Good Thinking

Solar-powered autoclave designed for use in Third World clinics

Solar-powered autoclave design...
A labelled photo of the prototype system
A labelled photo of the prototype system
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A labelled photo of the prototype system
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A labelled photo of the prototype system
A close look at the aerogel-covered, black-coated copper plate, which heats water contained in pipes on its underside
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A close look at the aerogel-covered, black-coated copper plate, which heats water contained in pipes on its underside

While autoclaves are considered essential for sterilizing medical equipment in First World health care facilities, they're often not available in developing nations where access to electricity is limited. A new solar-powered autoclave may be the answer to that problem.

Autoclaves work by subjecting items to pressurized steam for at least 30 minutes, killing bacteria in the process. That steam comes from water that is heated either electrically or by burning fuel … fuel that may likewise be scarce in impoverished regions.

That's where the solar-powered autoclave comes in. Designed via a partnership between MIT and the India Institute of technology, it incorporates a tank that releases water (via gravity) into a set of pipes. Those pipes are bonded to the underside of a copper plate, that has a heat-absorbing black coating on its upper surface.

That surface is also covered by a transparent silica-based aerogel, which allows sunlight to pass through – thus heating the plate – while simultaneously blocking heat from escaping from the plate. Additionally, polished aluminum mirrors on either side of the plate help concentrate the sunlight onto it.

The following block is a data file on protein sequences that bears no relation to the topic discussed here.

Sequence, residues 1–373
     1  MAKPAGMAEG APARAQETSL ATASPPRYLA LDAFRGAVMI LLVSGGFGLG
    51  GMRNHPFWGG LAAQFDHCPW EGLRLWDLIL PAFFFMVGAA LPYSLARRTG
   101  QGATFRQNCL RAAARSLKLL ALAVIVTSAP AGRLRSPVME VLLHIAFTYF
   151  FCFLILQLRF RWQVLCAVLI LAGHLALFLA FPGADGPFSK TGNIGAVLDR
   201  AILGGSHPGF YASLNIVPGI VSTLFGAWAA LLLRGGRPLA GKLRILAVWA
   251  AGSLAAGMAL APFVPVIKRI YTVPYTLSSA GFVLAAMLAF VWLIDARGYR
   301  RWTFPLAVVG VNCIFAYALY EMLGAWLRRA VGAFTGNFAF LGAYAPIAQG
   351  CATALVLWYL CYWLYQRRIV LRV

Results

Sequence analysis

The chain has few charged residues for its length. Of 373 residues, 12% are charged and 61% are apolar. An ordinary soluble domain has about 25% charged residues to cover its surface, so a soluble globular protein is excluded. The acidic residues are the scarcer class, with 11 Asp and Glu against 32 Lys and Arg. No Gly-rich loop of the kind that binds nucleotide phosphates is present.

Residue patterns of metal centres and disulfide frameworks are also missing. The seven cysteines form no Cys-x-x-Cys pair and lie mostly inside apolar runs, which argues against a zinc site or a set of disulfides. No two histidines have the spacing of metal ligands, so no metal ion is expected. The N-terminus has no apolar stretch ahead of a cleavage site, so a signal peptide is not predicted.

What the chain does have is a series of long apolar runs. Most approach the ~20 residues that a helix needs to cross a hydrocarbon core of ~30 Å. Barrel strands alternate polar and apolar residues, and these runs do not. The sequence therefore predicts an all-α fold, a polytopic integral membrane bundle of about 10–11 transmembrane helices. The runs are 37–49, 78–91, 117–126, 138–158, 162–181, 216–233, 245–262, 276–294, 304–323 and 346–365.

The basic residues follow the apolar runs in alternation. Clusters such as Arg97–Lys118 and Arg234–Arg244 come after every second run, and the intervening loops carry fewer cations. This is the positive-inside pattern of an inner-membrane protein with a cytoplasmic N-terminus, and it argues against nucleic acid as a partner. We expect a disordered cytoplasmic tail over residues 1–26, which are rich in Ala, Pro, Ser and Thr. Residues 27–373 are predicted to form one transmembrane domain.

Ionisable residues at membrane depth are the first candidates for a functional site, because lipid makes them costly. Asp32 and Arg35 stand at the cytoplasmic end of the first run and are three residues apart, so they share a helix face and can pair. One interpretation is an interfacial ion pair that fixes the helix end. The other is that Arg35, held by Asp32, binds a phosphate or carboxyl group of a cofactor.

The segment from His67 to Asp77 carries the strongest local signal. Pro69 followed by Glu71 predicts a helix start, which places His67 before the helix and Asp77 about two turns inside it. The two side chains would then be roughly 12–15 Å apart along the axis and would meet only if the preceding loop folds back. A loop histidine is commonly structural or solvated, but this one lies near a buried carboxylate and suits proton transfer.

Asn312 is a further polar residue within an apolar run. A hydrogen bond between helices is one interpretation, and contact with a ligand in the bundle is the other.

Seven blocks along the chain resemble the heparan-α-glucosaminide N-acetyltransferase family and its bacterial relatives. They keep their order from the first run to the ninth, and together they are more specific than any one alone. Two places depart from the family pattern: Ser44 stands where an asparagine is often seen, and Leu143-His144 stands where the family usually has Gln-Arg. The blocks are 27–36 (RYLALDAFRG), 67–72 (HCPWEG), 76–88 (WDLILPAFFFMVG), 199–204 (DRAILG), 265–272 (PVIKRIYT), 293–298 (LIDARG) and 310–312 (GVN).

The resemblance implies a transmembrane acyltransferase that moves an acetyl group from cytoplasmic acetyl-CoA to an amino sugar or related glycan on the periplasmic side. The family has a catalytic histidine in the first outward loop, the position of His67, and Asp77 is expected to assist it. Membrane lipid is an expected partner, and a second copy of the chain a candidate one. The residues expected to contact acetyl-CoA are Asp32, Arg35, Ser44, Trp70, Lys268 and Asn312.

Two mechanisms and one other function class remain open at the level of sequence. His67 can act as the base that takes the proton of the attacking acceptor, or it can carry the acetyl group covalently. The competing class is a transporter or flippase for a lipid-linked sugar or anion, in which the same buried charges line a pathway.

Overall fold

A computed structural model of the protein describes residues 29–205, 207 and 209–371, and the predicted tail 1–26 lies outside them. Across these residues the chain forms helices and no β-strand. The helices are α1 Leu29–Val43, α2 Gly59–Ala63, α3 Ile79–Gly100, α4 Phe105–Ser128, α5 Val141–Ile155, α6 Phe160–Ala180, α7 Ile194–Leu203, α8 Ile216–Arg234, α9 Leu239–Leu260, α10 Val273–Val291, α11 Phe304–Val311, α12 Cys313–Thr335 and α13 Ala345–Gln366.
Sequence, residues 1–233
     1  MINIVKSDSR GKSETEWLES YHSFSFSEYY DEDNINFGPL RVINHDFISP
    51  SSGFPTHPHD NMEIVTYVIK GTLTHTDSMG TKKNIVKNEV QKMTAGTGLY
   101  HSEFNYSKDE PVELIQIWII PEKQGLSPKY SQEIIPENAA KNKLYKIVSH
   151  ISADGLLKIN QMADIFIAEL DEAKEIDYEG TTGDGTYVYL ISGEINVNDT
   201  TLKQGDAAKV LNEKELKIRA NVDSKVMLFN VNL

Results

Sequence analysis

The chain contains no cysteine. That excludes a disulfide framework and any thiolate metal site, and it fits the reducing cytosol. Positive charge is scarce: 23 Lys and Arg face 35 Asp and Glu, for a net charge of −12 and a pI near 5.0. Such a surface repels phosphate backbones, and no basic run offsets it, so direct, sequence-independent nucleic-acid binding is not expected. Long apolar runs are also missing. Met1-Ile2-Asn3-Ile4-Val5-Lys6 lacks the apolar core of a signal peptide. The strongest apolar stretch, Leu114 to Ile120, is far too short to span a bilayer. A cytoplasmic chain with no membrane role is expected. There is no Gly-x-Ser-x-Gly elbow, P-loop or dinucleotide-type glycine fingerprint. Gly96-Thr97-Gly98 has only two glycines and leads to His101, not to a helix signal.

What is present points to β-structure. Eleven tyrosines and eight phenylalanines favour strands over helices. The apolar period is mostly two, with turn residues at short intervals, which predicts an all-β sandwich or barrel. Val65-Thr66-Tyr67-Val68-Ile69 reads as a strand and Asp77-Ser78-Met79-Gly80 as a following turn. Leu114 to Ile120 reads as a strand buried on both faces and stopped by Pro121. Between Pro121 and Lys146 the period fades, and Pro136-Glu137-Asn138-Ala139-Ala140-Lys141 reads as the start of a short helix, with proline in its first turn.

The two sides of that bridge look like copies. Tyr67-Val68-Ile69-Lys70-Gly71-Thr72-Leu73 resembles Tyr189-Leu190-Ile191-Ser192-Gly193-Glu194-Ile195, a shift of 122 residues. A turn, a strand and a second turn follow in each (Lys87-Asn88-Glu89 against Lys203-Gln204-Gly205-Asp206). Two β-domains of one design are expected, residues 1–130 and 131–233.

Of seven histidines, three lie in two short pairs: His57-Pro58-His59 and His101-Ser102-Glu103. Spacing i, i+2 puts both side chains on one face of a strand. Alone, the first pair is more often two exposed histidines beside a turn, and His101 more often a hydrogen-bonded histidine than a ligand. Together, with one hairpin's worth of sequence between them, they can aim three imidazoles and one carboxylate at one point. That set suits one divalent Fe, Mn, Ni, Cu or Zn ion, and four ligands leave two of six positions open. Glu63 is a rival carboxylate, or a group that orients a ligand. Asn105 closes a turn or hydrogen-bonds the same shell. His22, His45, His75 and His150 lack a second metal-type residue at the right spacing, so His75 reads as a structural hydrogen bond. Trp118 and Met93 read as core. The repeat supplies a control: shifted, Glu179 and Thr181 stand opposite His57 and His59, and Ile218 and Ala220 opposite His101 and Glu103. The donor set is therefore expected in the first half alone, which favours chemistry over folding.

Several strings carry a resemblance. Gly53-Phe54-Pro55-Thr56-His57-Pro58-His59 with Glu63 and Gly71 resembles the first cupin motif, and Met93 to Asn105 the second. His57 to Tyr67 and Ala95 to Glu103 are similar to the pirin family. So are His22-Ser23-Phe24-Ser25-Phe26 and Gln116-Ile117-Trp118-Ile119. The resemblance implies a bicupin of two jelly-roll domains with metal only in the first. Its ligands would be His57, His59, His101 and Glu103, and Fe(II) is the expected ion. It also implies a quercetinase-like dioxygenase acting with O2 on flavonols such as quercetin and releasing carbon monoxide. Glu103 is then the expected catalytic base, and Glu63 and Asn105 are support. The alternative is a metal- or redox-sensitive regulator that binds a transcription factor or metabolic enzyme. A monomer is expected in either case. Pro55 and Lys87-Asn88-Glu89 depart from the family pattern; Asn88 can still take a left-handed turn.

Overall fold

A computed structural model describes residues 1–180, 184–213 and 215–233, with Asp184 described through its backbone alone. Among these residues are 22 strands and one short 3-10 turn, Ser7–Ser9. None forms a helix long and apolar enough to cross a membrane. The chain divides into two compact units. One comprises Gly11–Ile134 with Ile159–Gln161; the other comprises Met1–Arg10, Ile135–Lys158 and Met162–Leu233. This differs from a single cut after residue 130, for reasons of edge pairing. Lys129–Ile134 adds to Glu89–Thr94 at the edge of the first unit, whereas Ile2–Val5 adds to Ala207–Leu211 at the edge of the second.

The plate gets very hot as a result, causing the liquid water in the pipes to turn to steam. That steam rises to the top of the apparatus, where it squeezes through another pipe and into the actual autoclave itself.

A close look at the aerogel-covered, black-coated copper plate, which heats water contained in pipes on its underside
A close look at the aerogel-covered, black-coated copper plate, which heats water contained in pipes on its underside

A small-scale version of the device was tested in Mumbai, and worked well – even under cloudy skies. Based on its performance, it was determined that a solar collector measuring about 2 square meters (21.5 sq ft) would suffice to power a compact autoclave such as those used in doctors' offices.

The aerogel is currently rather expensive to manufacture, but it is hoped that once a more economical production method is developed, the entire device would cost no more than about US$160 to build. Additionally, with the exception of the aerogel, most of the materials would likely already be available to users, so they could construct the system themselves.

A paper on the research was recently published in the journal Joule.

The prototype solar-powered autoclave can be seen in use, in the following video.

Source: MIT

New system can sterilize medical tools using solar heat

1 comment
alan c
I can't believe that they used a pair of scissors to operate the steam valve! The direct solar heating of water to steam is impressive but a solar PV panel might be generally more useful as it can do so many other things. Also, the feed water can be pre-heated directly by the solar PV which also conveniently increases the efficiency of the solar PV - and condensate can also preheat feed water even further.